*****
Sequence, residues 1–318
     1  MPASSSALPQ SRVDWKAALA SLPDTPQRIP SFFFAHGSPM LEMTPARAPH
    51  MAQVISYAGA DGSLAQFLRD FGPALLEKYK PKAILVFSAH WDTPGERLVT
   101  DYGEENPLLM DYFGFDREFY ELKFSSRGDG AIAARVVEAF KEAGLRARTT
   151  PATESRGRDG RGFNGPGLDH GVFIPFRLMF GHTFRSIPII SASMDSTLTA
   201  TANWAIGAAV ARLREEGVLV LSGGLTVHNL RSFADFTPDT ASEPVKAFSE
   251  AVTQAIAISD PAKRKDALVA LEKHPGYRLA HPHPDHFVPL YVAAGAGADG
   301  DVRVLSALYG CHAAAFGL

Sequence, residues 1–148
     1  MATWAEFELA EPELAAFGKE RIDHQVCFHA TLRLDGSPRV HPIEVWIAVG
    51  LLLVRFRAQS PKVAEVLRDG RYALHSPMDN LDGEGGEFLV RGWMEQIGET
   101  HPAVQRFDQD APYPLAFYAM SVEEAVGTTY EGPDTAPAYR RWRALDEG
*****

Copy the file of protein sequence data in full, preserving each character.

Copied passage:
Sequence, residues 1–318
     1  MPASSSALPQ SRVDWKAALA SLPDTPQRIP SFFFAHGSPM LEMTPARAPH
    51  MAQVISYAGA DGSLAQFLRD FGPALLEKYK PKAILVFSAH WDTPGERLVT
   101  DYGEENPLLM DYFGFDREFY ELKFSSRGDG AIAARVVEAF KEAGLRARTT
   151  PATESRGRDG RGFNGPGLDH GVFIPFRLMF GHTFRSIPII SASMDSTLTA
   201  TANWAIGAAV ARLREEGVLV LSGGLTVHNL RSFADFTPDT ASEPVKAFSE
   251  AVTQAIAISD PAKRKDALVA LEKHPGYRLA HPHPDHFVPL YVAAGAGADG
   301  DVRVLSALYG CHAAAFGL

Sequence, residues 1–148
     1  MATWAEFELA EPELAAFGKE RIDHQVCFHA TLRLDGSPRV HPIEVWIAVG
    51  LLLVRFRAQS PKVAEVLRDG RYALHSPMDN LDGEGGEFLV RGWMEQIGET
   101  HPAVQRFDQD APYPLAFYAM SVEEAVGTTY EGPDTAPAYR RWRALDEG